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What exemptions can be claimed when dividing matrimonial property during a divorce?

One of the frequent questions that clients ask Calgary divorce lawyers when they are going through a divorce is: Does all the property have to be divided equally?

Matrimonial property is the property that the parties acquire during the course of the marriage. It is irrelevant whether this property is registered in the sole name of a party, or in the joints names of the parties. Matrimonial property is, in most circumstances, divided equally between the parties.

However, certain property is exempt from distribution. Such property is:

a) Property acquired by a party prior to the marriage;

b) Property acquired by a party by gift from a third party;

c) Property acquired by a party by inheritance;

d) An award or settlement of damages in tort in favour of one party; and

e) The proceeds of an insurance policy that is not insurance in respect to property, for a loss to only one of the parties.

For property referred to in a) to e) above, it is the value of the property as of the date of receipt that is exempt. If the property appreciates in value between that date, and the date of separation or trial, the appreciated value may be distributed, although it may not be distributed equally.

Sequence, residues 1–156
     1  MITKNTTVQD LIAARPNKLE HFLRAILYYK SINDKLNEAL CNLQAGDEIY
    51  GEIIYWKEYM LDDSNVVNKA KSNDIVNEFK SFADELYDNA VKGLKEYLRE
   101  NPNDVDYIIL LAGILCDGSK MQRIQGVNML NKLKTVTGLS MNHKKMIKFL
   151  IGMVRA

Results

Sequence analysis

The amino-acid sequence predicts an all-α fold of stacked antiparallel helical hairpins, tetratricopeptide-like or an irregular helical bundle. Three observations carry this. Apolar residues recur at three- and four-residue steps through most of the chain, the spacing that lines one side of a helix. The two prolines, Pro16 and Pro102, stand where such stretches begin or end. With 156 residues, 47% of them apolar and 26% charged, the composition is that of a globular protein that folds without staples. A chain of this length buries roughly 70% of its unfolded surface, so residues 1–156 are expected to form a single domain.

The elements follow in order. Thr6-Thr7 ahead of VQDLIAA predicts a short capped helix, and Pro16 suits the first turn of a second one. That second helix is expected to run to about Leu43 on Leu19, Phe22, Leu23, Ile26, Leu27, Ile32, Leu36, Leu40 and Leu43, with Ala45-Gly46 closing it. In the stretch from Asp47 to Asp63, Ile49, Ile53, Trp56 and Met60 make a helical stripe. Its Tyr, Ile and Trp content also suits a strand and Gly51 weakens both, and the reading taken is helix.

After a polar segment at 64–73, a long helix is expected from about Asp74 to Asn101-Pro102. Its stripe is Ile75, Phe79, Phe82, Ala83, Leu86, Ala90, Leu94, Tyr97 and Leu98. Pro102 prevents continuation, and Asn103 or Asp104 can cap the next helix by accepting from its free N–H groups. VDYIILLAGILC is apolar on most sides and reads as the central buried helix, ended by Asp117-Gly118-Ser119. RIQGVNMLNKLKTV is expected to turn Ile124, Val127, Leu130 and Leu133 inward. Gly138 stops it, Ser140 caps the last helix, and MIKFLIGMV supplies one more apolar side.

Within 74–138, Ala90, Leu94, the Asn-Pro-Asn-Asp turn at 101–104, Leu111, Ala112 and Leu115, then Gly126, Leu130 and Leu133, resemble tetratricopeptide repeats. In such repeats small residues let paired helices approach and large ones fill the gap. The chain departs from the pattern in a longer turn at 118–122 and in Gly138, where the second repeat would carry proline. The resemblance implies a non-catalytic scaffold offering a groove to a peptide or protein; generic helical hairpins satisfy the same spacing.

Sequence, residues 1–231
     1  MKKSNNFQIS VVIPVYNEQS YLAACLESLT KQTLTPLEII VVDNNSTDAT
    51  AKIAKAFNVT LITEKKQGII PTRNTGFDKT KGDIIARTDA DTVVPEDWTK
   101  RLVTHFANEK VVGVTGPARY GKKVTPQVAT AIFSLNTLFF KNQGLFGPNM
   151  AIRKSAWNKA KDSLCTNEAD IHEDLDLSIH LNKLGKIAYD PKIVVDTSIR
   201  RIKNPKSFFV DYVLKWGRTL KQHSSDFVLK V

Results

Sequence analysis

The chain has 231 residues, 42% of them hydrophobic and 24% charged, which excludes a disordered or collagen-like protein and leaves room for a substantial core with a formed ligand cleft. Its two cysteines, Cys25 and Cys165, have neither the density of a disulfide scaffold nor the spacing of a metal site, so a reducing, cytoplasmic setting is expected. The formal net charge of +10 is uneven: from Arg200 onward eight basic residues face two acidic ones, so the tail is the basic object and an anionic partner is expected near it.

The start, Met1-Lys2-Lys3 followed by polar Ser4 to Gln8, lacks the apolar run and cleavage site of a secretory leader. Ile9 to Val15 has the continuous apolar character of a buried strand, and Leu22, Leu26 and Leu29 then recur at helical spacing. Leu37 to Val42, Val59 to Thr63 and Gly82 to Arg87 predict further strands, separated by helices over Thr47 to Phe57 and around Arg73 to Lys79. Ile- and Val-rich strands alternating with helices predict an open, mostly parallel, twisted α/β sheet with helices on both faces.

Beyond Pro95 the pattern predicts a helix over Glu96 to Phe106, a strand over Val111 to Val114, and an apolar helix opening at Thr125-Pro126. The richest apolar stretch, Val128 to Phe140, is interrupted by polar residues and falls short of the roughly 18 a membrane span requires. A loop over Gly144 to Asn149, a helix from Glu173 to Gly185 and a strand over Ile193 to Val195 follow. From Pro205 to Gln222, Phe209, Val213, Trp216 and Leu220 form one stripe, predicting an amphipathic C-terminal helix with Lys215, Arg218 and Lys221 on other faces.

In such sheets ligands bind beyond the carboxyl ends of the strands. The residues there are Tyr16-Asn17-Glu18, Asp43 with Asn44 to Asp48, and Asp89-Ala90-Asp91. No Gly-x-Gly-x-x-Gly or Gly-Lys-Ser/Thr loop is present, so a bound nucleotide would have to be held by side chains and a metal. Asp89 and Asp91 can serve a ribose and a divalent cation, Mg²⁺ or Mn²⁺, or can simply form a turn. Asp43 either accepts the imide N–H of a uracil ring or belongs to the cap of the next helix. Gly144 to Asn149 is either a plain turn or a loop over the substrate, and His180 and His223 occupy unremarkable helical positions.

To claim the full extent of the exemption, it is very important that the party to whom the property belongs does not "mix" the property with other non-exempt property and/or transfer such property that was previously held in their sole name, into joint names. A common example of this is a house that was acquired by spouse A prior to them meeting spouse B, and held A's name, being transferred into the joint names of A and B after the marriage. Should A elect to do this, a large portion of the exemption is automatically lost to A.

Even prior to divorce or separation, clients are best advised to discuss their anticipated handling of exempt property with a divorce lawyer before dealing with such property, so as to ensure that they are fully informed of the potential consequences of their actions.

If you would like to discuss any questions you may have regarding the above with me, or if you wish to discuss any issues relating to divorce, separation, child support, spousal support, custody and access, guardianship and parenting, and division of property, please email me here, or call me on 403-538-2105.

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